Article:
The new album Edgeland from Kim Richey is the eighth in a string of country/pop albums that are remarkable for their consistency in tone and quality. While she was initially inspired by the song poetry of Joni Mitchell and Karla Bonoff, her college forays with future power pop star Bill Lloyd lit the fire for what, years later, would become one of the freshest sounds coming from Music Row in the 1990s and beyond.
In this episode of The String, Kim tells me about early dead ends trying to get into performing and how she almost blew off the biggest opportunity of her life after settling in Music City. Her path, though unconventional, worked for her. Since the release of her self-titled debut, Richey has been a cherished artist in Americana. Her voice is sturdy but calming, clean and gentle but penetrating. And her songs are relatable plights of the human heart framed in the kindly candor of her Midwestern roots.
In this in-depth conversation, Richey talks about how she moved to Vail, Colorado after college and worked a variety of jobs, including nature centers and restaurants. But she wanted to make music. That required approaching some strangers. It didn’t go great at first:
“I was pretty shy and I didn’t play guitar that well. I was kind of writing songs a little bit but not too much. I loved singing. And there was a band that played covers and I got up the nerve, which was a big deal for me, to go to one of their rehearsals one time and say ‘do you think maybe I could sing a song with you some time at rehearsal?’ And they said ‘No.’ And I was like ‘Oooh, that was it for me. I’m never doing that again!’”
She was signed to Mercury Nashville at age 37. That and her supposedly esoteric tastes in music made her something of a unicorn on Music Row.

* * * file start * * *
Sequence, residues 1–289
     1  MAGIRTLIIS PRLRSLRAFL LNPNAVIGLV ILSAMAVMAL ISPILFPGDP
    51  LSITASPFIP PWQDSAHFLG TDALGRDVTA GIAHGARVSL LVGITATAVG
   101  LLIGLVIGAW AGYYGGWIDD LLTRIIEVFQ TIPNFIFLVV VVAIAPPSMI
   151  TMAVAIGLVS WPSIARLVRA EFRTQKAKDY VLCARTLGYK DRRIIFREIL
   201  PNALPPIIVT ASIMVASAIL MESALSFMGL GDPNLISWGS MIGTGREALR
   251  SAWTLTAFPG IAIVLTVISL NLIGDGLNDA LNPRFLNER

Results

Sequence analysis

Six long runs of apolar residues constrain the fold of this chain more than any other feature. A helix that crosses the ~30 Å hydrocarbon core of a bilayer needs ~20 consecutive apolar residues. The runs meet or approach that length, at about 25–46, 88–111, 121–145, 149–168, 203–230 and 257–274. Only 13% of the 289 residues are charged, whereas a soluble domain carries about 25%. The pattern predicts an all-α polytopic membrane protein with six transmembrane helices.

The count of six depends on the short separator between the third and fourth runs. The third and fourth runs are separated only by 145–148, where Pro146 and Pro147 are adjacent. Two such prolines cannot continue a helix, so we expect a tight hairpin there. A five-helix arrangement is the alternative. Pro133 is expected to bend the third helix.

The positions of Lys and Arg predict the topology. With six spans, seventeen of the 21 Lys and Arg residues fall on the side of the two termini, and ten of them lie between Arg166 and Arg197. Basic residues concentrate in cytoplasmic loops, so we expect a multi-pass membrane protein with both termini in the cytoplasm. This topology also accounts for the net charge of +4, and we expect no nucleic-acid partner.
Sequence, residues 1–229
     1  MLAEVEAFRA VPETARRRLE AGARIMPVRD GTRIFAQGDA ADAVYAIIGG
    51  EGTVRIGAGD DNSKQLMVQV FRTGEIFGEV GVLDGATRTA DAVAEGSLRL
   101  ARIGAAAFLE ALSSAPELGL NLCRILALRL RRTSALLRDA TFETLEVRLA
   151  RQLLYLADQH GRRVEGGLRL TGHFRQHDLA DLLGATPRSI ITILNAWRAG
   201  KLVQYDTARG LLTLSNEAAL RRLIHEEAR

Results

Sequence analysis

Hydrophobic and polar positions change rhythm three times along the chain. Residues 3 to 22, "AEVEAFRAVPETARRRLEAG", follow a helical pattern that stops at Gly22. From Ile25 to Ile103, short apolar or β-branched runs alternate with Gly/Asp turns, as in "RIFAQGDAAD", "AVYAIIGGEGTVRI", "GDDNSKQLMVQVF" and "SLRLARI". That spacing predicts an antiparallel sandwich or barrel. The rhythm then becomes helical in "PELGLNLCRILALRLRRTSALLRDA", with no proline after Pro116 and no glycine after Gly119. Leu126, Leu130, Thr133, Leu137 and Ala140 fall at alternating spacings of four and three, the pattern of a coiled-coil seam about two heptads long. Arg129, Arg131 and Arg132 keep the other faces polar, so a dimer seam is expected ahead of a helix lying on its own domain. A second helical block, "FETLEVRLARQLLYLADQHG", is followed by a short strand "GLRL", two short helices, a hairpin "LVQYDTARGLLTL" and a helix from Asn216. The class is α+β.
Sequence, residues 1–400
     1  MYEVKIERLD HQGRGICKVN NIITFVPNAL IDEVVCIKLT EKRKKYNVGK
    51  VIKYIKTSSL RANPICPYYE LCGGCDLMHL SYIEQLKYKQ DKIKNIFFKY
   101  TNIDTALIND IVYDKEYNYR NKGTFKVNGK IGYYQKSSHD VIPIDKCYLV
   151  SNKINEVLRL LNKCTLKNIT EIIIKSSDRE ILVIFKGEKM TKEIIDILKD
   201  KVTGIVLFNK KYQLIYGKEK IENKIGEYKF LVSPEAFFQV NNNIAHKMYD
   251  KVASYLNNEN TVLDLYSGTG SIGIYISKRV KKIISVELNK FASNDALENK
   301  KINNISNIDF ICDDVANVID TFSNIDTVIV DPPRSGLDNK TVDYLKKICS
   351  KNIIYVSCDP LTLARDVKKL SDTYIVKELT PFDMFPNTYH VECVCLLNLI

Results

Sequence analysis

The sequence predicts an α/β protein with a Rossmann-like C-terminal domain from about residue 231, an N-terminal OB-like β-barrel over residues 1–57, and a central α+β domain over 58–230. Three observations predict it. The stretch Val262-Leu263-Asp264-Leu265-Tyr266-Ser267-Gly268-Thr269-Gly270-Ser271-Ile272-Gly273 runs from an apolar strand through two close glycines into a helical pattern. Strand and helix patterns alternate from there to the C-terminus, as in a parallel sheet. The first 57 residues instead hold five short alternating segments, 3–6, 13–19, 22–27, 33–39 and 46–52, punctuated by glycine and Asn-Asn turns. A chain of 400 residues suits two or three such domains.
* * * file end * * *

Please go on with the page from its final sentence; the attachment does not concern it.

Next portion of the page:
“I had to go around to all the country radio stations. They were not buying it. People who’d come to the shows were great. But the radio stations were not. I mean I had one guy draw me a diagram on a napkin. He said ‘you are a star, but you will never be accepted at country radio.’ And that guy’s still doing it! I was suspect because I drank iced coffee and had spent time in New York.”
Richey is incredibly easy going and natural on stage, which has bonded many fans with her over her two decades. I asked her about a favorite.
“We have Ed and his last name has loads of letters in it with a -ski at the end. And Ed is from Ohio, around Akron. But he’s been coming forever and he’s just the sweetest guy. He’ll bring us presents from his neighborhood. Really great chocolates. He’s always really helpful on social media. I’ve got some really nice fan people who I can count on.”
The String is WMOT’s conversation show about culture, media and American music, hosted by veteran music journalist Craig Havighurst. It airs on WMOT Roots Radio on Sundays at 8 am and Mondays at 9 pm. The podcast is widely available on iTunes and other podcast platforms.